Paul O’Grady relives horrifying, homophobic police raid on Lily Savage show at London’s legendary Royal Vauxhall Tavern
Paul O’Grady has recalled the era-defining moment police in rubber gloves stormed the legendary Royal Vauxhall Tavern, arresting him along with ten others.
O’Grady had an eight-year residency at the famous gay club as the inimitable Lily Savage, his catty drag persona with sky-high boots and towering blonde hair.
He was on stage in full drag the evening of 24 January, 1987, when a troop of 35 policemen raided the venue and carted customers into waiting vans outside. It being the height of the AIDS crisis, they made sure to don rubber gloves to ensure they didn’t touch those they arrested.
This was the club’s second raid that winter, based on the flimsy excuse of “customers being drunk on licensed premises”, though few saw it as anything but an attempt to intimidate the LGBT+ community.
Unfortunately for police it only galvanised the community further, and now over three decades later it’s become part of London’s LGBT+ lore.
On Tuesday (26 January) O’Grady recalled the shocking night as he commented on the Royal Vauxhall Tavern’s Instagram post.
“It was 34 years ago when the cops raided the Vauxhall,” he wrote. “I was doing the late show and within seconds the place was heaving with coppers, all wearing rubber gloves. I remember saying something like, ‘Well well, it looks like we’ve got help with the washing up.’
“They made many arrests but we were a stoic lot and it was business as usual the next night,” he continued.
“I was in quite a few police raids all over the country at the time. I was beginning to think it was me – in fact the South London Press in an extremely homophobic article called Lily ‘a lascivious act’ which I was very proud of.”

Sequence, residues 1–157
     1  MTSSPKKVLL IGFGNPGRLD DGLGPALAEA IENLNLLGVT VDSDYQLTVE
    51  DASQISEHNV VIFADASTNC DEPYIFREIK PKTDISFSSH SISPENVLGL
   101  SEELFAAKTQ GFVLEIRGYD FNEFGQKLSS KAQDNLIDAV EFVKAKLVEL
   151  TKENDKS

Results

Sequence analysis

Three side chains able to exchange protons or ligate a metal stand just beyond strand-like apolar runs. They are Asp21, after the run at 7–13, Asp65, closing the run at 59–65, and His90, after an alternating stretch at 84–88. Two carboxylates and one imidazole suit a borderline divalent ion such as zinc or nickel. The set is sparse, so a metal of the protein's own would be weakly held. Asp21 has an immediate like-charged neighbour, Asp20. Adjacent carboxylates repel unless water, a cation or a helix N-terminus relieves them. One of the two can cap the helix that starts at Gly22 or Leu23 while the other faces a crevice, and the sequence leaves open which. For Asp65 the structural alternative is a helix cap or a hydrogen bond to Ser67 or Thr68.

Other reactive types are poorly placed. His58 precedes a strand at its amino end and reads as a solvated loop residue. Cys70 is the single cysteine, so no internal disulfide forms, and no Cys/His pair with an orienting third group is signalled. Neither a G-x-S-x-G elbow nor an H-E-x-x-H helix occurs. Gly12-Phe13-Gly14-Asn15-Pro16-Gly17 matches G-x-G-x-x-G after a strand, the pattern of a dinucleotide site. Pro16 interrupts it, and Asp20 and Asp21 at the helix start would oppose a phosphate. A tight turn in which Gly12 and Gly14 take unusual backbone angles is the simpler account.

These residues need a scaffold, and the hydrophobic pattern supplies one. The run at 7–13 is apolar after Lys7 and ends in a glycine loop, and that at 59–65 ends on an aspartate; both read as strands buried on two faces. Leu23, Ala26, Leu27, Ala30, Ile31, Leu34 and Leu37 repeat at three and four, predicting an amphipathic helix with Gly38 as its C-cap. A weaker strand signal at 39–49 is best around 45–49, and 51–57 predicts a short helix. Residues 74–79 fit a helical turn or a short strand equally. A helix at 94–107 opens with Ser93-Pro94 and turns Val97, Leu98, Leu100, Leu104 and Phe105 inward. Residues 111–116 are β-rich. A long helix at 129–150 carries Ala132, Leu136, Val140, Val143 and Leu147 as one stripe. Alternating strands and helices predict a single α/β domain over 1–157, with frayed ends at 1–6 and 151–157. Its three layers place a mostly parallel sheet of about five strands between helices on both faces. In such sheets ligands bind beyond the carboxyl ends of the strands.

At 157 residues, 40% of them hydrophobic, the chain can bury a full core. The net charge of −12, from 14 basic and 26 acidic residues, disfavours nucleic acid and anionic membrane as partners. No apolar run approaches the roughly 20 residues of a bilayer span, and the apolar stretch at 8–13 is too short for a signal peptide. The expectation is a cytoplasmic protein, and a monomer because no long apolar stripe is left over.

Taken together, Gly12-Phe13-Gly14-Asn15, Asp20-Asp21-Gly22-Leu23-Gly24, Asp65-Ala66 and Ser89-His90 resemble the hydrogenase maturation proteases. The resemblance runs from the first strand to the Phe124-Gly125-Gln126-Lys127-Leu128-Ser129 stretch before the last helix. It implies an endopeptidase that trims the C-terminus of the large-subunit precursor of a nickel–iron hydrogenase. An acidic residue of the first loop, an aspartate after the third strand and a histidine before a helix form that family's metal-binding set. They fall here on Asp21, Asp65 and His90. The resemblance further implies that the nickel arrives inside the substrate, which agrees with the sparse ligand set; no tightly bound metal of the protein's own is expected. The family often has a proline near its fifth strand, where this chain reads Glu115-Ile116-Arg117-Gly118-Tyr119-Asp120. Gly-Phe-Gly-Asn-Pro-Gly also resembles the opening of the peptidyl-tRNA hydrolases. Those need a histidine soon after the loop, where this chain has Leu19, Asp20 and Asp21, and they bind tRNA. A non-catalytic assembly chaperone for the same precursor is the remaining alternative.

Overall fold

Lily Savage’s role in the “rubber gloves raid” has become legendary, from her quick-thinking wit when the police stormed the stage to her flippant attitude after she was arrested.
When ordered to give a name to the desk sergeant, she told him simply: “Lily Savage”. The officer pressed for a ‘real’ name. “Lily Veronica Mae Savage,” came the reply.
All those arrested were eventually released without charge, but the incident marked a turning point for London’s LGBT+ community and the negative press it generated became a catalyst for the slow healing of relations with the police.
The symbolic status of the Royal Vauxhall Tavern was eventually recognised in 2015, when the club was made a Grade II listed building – the first ever building in the UK to be listed for its importance to the LGBT+ community.
“I consider the venue to be my very own school of dramatic art,” Paul O’Grady said as he backed the campaign. “With listing I know the community will rally round and ensure it remains an important venue for many decades to come.”